There is a path all the way in to the waterfalls which makes Coum Mahon the easiest part of the Comeraghs to reach.   This ease of access, however, means that this enchanting coum can become quite congested with both cars and people, particularly on weekend afternoons in good summer weather, so avoid at these times.    It is possible to climb up at the falls (right-hand or east side) and head south-west from there across to Coum Tay, a distance of over two km across the blanket bog.   Alternatively, park your car at the third car-park at the top of the steep road, just a short distance from the Coum Mahon carpark, and walk up the ridge separating the two coums, which also affords excellent views of the Mahon Valley, and head north-west once on top.   It is also possible to go straight in from that car-park and access Coum Tay from below.   A turret of rock, Leacanthimlay, lies on the west side of Coum Tay, and further south, in around the corner, lies Coumknockaun, one of the smallest of the Comeragh coums, seldom visited.   If up top at Coum Tay, a short five minute walk north across the plateau and through the peat hags will provide breathtaking views of the Nire Valley with the Knockanaffrin ridge to the north-east and the Coumalocha directly below at the base of the cliffs.   Coumfea, probably out of sight to the north-west, is not too far away and worth a visit.   


Access:  Foilanprisoon, Fauscoum and Coumshingaun can be reached from Kilclooney forest, some four km north of Mahon Bridge or 7.5 km south of Ballyhest Cross Roads on the Carrick-on-Suir road.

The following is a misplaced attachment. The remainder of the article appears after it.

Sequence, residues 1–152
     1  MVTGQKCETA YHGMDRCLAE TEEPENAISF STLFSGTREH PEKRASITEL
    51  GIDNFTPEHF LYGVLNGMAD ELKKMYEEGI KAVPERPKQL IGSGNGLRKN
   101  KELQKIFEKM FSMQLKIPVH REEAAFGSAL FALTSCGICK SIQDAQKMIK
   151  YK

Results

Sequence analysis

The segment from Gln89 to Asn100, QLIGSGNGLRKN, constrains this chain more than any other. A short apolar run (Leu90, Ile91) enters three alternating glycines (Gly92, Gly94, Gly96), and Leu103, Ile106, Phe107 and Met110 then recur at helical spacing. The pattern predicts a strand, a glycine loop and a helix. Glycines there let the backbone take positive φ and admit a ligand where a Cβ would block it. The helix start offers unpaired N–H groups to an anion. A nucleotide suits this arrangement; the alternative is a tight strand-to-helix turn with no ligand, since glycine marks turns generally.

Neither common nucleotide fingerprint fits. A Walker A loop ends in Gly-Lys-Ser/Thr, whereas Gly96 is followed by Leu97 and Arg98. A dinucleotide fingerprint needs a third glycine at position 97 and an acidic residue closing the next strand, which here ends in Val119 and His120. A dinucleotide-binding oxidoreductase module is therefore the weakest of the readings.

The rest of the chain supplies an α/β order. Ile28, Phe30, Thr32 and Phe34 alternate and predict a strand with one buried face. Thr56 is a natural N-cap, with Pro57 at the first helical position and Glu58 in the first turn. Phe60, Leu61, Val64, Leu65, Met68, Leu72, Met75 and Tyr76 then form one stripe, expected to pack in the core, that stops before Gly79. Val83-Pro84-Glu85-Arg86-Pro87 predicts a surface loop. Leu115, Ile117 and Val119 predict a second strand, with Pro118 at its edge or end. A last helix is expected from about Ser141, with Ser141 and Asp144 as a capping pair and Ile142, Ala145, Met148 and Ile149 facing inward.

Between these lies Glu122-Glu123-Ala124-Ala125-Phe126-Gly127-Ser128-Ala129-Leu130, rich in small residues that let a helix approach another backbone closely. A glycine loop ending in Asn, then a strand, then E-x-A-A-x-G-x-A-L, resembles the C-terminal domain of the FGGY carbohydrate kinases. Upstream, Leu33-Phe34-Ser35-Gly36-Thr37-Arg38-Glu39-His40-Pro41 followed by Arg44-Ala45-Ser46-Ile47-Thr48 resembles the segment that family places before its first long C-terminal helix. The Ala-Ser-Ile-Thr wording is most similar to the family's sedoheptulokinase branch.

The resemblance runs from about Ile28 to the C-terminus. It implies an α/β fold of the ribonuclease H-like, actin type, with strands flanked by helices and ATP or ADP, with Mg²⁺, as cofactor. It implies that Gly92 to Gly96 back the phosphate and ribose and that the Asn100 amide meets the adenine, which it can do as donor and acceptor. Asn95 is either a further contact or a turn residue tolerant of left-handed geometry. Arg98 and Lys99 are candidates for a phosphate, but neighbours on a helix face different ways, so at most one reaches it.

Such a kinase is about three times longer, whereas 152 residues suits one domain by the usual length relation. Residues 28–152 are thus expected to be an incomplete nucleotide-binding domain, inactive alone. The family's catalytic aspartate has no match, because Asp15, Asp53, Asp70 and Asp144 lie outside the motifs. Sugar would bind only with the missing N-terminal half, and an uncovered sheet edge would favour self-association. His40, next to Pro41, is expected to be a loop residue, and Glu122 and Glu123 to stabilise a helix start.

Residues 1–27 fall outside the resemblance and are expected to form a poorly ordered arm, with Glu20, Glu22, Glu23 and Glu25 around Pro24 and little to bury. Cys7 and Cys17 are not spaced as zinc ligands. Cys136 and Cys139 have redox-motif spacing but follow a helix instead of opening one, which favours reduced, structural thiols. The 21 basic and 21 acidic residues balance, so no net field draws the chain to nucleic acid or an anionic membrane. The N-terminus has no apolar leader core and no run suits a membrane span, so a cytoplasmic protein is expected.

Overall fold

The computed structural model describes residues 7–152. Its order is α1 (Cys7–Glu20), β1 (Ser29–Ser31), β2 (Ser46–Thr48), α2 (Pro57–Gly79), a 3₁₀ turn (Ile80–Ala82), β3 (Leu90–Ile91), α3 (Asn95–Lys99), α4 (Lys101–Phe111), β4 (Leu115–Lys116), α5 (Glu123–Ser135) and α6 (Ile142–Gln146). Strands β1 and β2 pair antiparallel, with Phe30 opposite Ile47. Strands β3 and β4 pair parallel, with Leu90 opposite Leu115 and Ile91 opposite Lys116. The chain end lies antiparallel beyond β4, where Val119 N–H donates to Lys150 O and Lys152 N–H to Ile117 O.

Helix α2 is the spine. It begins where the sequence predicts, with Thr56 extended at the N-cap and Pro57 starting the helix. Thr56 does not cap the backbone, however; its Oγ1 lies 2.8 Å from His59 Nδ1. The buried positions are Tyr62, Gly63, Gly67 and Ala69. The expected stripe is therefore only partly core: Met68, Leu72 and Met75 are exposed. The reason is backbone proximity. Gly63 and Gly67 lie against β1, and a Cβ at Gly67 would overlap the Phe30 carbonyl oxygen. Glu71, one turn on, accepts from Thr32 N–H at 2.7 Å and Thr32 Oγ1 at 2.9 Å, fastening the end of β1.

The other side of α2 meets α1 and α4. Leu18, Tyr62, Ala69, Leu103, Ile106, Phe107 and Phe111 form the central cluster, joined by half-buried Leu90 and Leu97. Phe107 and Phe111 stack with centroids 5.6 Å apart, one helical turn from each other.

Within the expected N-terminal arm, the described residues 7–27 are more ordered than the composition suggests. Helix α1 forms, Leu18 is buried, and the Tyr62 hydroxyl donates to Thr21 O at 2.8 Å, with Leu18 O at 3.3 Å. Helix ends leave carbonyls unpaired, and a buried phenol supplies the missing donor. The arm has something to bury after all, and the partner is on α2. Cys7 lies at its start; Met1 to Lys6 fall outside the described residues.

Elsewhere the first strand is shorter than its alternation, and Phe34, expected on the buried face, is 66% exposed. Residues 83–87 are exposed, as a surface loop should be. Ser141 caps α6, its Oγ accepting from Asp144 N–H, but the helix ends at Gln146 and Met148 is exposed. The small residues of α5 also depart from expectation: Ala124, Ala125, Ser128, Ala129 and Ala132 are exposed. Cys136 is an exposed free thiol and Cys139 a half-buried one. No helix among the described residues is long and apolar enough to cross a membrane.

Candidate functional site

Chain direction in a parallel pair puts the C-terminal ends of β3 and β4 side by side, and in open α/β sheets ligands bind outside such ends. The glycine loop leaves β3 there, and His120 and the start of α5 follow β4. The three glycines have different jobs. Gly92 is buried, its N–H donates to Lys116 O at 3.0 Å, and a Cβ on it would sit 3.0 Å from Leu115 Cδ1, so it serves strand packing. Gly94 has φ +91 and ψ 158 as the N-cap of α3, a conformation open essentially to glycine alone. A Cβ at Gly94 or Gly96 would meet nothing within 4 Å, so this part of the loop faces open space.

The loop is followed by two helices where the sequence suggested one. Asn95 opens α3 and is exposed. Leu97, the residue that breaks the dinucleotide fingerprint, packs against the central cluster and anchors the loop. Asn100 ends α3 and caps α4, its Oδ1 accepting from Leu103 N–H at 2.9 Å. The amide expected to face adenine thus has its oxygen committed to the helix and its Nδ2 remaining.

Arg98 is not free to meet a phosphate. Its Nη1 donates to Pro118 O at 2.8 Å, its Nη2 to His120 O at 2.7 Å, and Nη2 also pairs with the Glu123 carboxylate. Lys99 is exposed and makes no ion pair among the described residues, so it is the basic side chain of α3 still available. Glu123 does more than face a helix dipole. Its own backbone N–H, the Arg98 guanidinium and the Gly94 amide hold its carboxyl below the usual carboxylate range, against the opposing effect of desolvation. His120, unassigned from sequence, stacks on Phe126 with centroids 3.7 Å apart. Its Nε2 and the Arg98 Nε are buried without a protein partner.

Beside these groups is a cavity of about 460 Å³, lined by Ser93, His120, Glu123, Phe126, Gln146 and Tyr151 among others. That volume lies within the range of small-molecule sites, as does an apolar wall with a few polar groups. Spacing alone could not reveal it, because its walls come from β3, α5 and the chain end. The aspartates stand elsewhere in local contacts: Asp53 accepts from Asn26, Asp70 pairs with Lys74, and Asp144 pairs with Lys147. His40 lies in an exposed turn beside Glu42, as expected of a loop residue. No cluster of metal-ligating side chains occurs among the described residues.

From the carpark at Kilclooney forest, follow the path to a clearing in the forest.   From here, go left for Foilanprisoon/Fauscoum and right for Coumshingaun.   There is no defined path in any direction but the walk up to the base of the cliffs at Foilanprisoon or the coums at Fauscoum and Coumshingaun is reasonably straightforward.   It is possible to reach the top of the mountain from the extreme left (south side) of Foilanprisoon and walk north from there across to Coumshingaun, passing Foilanprisoon and Fauscoum on the way.   This, however, is a long and strenuous walk (around five hours), not to be taken lightly.   It is also possible to walk the Coumshingaun horseshoe by climbing up to the plateau by the southern ridge and walking clockwise around the coum from there (three to four hours).   However, great care is needed at the west end of the southern ridge where a tricky scramble is required to reach the top, recommended only for those with climbing experience.   The view of the coum and the surrounding countryside is simply incredible on a clear day and makes the effort worthwhile.   The climb down (or up) at the east end on the northern ridge is safe and without difficulty, or, Crotty’s Rock, further north, can be reached relatively easily in 10 to 15 minutes.   Due east of Coumshingaun on the far side of the road is Croughaun Hill, heavily afforested, with some nice walks and a good variety of tree-dwelling birds.

Coumshingaun is arguably the finest glacial corrie lake in Ireland and is worth a visit purely for the magnificent lake surrounded by sheer and impressive cliff-faces.